Summary: Don’t drown with the hand that can save you in plain view
Now among those who went up to worship at the festival were some Greeks. 21They came to Philip, who was from Bethsaida in Galilee, and said to him, ‘Sir, we wish to see Jesus.’ 22Philip went and told Andrew; then Andrew and Philip went and told Jesus. 23Jesus answered them, ‘The hour has come for the Son of Man to be glorified. 24Very truly, I tell you, unless a grain of wheat falls into the earth and dies, it remains just a single grain; but if it dies, it bears much fruit. 25Those who love their life lose it, and those who hate their life in this world will keep it for eternal life. 26Whoever serves me must follow me, and where I am, there will my servant be also. Whoever serves me, the Father will honor. 27‘Now my soul is troubled. And what should I say—“Father, save me from this hour”? No, it is for this reason that I have come to this hour. 28Father, glorify your name.’ Then a voice came from heaven, ‘I have glorified it, and I will glorify it again.’ 29The crowd standing there heard it and said that it was thunder. Others said, ‘An angel has spoken to him.’ 30Jesus answered, ‘This voice has come for your sake, not for mine. 31Now is the judgment of this world; now the ruler of this world will be driven out. 32And I, when I am lifted up from the earth, will draw all people to myself.’ 33He said this to indicate the kind of death he was to die.
The sign has been posted on many pulpits throughout the land; it can be seen by the preacher as he shares the bread of life: Sir; we would see Jesus.
It was a simple request. Yet in response Jesus said that his soul was troubled (the word means “agitated”. Why is it that the man who could stand on a rocking, sinking boat full of frightened fishermen and command the seas and the storm to hush, goes weak-kneed in response to a simple request from a handful of outsider/curiosity seekers who want to have a talk with him.?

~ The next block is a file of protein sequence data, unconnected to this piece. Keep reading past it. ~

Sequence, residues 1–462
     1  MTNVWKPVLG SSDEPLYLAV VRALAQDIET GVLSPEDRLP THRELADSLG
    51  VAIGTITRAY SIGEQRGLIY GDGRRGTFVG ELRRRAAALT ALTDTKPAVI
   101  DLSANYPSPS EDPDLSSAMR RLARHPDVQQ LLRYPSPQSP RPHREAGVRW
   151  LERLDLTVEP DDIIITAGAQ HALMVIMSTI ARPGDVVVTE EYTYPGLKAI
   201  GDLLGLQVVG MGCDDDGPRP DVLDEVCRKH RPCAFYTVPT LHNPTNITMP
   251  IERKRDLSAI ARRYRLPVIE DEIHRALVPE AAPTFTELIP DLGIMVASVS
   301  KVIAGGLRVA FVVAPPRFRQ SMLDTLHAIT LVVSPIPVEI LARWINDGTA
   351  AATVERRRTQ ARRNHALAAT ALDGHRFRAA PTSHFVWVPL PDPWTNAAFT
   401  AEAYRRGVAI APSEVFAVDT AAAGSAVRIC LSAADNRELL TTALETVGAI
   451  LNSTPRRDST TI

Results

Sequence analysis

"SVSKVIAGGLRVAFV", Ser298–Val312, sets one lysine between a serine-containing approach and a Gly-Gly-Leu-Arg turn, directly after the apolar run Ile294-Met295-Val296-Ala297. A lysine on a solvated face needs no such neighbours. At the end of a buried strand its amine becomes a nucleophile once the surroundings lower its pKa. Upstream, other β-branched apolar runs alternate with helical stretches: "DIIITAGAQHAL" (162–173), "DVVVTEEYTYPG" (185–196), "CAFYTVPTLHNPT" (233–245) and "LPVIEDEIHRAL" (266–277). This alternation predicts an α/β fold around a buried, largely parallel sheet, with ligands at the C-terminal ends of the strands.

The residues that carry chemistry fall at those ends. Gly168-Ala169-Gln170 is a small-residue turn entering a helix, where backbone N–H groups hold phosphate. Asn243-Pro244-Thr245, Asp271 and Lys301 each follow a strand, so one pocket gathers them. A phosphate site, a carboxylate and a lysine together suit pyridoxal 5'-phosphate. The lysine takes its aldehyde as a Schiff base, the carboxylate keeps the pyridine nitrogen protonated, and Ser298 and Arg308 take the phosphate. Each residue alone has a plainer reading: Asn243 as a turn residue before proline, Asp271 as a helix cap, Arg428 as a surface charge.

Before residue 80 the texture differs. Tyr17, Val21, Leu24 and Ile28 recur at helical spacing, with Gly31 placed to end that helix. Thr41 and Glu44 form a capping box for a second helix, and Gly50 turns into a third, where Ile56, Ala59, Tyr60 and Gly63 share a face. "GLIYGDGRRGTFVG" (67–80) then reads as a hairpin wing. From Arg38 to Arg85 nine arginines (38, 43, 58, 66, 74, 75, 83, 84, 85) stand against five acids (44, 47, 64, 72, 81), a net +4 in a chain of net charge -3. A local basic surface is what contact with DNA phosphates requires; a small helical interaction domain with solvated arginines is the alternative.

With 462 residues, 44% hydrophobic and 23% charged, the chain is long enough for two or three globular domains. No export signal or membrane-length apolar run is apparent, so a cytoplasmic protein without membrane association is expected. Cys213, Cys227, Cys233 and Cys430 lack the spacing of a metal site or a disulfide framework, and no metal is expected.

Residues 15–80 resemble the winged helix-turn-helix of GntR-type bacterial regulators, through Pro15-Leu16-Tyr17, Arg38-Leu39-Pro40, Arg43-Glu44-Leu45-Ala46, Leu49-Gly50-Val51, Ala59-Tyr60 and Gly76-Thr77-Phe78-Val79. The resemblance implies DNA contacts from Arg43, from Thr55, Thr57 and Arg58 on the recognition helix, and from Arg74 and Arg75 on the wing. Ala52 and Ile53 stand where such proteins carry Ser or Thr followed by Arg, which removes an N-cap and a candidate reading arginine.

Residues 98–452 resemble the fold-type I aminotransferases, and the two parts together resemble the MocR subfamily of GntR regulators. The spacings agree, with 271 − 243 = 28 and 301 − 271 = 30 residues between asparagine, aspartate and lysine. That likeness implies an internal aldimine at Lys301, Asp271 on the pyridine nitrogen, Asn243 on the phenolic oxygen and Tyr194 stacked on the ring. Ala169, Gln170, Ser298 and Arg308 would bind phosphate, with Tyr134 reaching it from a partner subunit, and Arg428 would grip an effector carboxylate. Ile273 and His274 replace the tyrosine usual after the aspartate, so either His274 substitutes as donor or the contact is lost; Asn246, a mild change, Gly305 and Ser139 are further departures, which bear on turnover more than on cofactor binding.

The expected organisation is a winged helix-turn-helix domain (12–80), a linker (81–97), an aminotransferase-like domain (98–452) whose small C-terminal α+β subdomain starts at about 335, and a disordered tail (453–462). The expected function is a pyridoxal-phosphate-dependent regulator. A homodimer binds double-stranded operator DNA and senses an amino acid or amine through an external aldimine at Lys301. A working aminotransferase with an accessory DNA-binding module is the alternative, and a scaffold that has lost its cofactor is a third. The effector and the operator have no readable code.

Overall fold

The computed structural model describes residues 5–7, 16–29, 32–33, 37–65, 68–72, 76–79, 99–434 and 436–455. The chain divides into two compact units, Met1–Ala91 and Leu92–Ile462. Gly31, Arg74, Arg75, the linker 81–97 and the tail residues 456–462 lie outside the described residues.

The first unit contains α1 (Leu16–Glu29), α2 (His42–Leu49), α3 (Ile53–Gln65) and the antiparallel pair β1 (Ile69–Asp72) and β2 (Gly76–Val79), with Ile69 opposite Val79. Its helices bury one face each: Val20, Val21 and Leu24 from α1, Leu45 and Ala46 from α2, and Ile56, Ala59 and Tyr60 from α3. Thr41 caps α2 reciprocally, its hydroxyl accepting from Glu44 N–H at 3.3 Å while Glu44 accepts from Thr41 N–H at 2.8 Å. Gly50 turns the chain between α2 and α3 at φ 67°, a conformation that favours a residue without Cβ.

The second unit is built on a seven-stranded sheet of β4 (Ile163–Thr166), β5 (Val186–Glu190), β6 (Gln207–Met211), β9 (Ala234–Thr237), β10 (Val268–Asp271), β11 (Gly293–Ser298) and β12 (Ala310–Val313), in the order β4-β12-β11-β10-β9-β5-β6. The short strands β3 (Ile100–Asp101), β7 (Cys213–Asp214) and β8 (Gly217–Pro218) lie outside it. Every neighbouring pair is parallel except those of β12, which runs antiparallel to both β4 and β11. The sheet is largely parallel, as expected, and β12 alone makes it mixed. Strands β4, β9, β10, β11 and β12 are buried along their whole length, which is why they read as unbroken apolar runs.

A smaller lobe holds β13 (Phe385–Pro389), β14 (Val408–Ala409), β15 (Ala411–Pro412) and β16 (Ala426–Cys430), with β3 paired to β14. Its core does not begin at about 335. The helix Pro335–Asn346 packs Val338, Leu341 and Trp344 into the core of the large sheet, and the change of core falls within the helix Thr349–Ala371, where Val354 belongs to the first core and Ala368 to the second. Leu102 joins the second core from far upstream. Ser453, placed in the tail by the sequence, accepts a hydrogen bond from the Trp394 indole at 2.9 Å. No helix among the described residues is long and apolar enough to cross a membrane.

Easy answer – the cross! Well, who wouldn’t be agitated? Jesus knew what was in store for him. But, going deeper, we have to unpack the phrase to get to the bottom of the “troubling” of Jesus’ soul.
The cross was bad from a physical standpoint. Untold sermons have been preached that describe the excruciating agony of the beatings and crucifixion.
The weight of the sins of all mankind which Jesus would take upon himself was worse than the physical. Someone once remarked to me that Jesus chose to bear the marks of my sin throughout all eternity. That it can be proved is tenuous, but we do know that after the resurrection Jesus invited Thomas to put his hands right in the nail prints and spear hole in Jesus’ hands and side!
The most pressing issue was the weight of the mission. The weight that troubled or agitated Jesus’ own soul was the reality that our souls were hanging in the balance on the outcome of what He had come to do.
31Now is the judgment of this world;
The judgment (or “crisis” in Greek) was that Jesus had come to make a dividing line. Once the cross was lifted to destroy the work of Satan, there would forever be a line drawn between salvation and damnation. Men would get to choose upon which side they would go, but Christ himself would be the dividing line.
Now, none of this is a surprise; we have heard the Gospel story perhaps many times. But what of the weight; what was gripping Jesus’ soul and wringing it like a sponge? What would make him sweat great drops of blood in Gethsemane later?
It was us!
The bottom line about the agitation in Jesus’ inner being is you and me. Souls were at stake, and the Father loved each of us so much that the Holy Spirit groans over our sin; Christ feels our burden…and it troubles His soul.
When the Gentiles came seeking an audience with Jesus, nobody had really seen Jesus; nobody understood the mission yet. His disciples didn’t understand, the crowds followed mostly for healing, loaves and fishes. The fact is many people still don’t see Jesus.
It was us the thought of us saying “no” that troubled Jesus’ soul
Jesus’ mission was to drive out Satan; His strategy was unconditional surrender – not to Satan, but to the Father’s will. He gave us the picture of the kernel of wheat grain. It isn’t any good to the farmer until it yields itself to the farmer’s plan and gets buried in the soil; then it can produce.